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S. Korea may see rise in NK defectors as Pyongyang mulls reopening borders

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People watch the North Korean side as they visit to celebrate the New Year at Imjingak Pavilion in Paju, near the border with North Korea, Jan. 1, 2022. AP-Yonhap
People watch the North Korean side as they visit to celebrate the New Year at Imjingak Pavilion in Paju, near the border with North Korea, Jan. 1, 2022. AP-Yonhap

By Lee Hyo-jin

South Korea could experience a significant increase in defectors from North Korea in the coming months, according to analysts, as the reclusive regime is considering whether to reopen its borders following three years of closure due to the COVID-19 pandemic, which might pave the way for more defections.

Given North Korea's critical food crisis, diplomats and high-ranking officials who were abroad for overseas assignments prior to the pandemic may attempt to seek refuge in South Korea instead of returning home, the experts viewed.

Rep. Tae Yong-ho of the ruling People Power Party (PPP), who served as North Korea's deputy ambassador to Britain before defecting to South Korea in 2016, said on Thursday that there are growing signs of North Korean diplomats looking to defect to the South.

"There have been rumors circulating among North Korean overseas missions that due to the pandemic, some families have been separated, with husbands in Pyongyang and wives and children abroad, creating a North Korean version of 'separated families,'" the defector-turned-lawmaker wrote on Facebook.

He also claimed that some diplomats who served in Europe and South Asian nations during the pandemic have gone "penniless" after becoming stranded in Beijing as the Kim Jong-un regime kept its borders shut, blocking their return.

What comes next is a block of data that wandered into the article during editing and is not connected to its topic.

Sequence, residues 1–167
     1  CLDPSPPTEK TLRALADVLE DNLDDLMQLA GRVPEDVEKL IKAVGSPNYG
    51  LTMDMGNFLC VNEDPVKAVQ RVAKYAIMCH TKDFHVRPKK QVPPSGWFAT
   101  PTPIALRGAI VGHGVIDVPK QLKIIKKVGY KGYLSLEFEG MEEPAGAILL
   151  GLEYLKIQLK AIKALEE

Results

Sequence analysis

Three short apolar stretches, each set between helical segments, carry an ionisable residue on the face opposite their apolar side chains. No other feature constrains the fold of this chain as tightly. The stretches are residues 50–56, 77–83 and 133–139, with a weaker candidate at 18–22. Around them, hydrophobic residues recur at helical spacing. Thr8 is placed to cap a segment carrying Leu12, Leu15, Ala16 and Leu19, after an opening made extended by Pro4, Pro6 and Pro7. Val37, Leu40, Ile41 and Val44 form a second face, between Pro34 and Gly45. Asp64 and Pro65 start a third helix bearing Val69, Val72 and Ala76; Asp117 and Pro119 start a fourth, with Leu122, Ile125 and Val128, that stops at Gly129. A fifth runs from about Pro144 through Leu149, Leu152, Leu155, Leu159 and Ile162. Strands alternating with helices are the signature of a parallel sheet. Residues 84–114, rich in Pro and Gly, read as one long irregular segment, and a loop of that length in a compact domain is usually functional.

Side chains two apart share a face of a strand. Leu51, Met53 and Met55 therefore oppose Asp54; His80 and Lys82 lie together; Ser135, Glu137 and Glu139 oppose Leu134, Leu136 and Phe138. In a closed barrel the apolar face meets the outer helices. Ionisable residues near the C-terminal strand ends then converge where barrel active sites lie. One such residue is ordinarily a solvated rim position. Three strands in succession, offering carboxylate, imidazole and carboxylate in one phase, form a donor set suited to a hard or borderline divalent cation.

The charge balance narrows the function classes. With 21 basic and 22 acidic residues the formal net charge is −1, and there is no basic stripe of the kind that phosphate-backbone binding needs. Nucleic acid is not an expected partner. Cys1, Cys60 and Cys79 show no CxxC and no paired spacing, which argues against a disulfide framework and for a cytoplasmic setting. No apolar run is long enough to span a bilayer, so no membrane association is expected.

"Our government must take special attention to ensure the safe defection and travel of North Korean residents to the South, the number of which are set to increase in the foreseeable future. This would include diplomatic negotiations with countries where they are staying, as well as the active engagement with overseas intelligence networks," he said.

A recent incident brought the matter into focus when two family members of a North Korean official surnamed Park living in Vladivostok, Russia, were reported missing earlier this week in what is viewed as an attempted defection. Russian authorities have issued missing persons alerts for Kim Kum-sun, 43, and her 15-year-old son Park Kwon-ju.

According to Radio Free Asia, the older Park is a trade representative who was dispatched to earn foreign currency for the North Korean government by owning two restaurants in the Russian Far Eastern city. However, his wife Kim became the restaurants' acting manager on behalf of her husband after he was summoned to Pyongyang in 2019.

South Korea's unification ministry, foreign ministry and National Intelligence Service have yet to share any information regarding the missing family.

Park Won-gon, a professor of North Korean studies at Ewha Womans University, said Kim and Park may have contacted the South Korean consulate in Vladivostok seeking to defect to Seoul.

The professor expected South Korea to see a growing number of North Korean defectors in the coming months, not only from Pyongyang but also from China and Russia, as the North Korean government slowly prepares to reopen its borders.

"We may see the number (of defectors) return gradually to pre-pandemic levels," he said.

The COVID-19 pandemic led to a sharp decline in the number of North Korean defectors to South Korea due to strict border controls. The number, which was tallied at around 1,000 in 2019, dipped to 229 in 2020, 63 in 2021 and 67 last year.

"The ongoing food crisis, though it wouldn't be as severe as the Arduous March in the 1990s, may prompt defections of a lot of North Koreans, including diplomats and overseas workers," Park said.

Lee Hyo-jin


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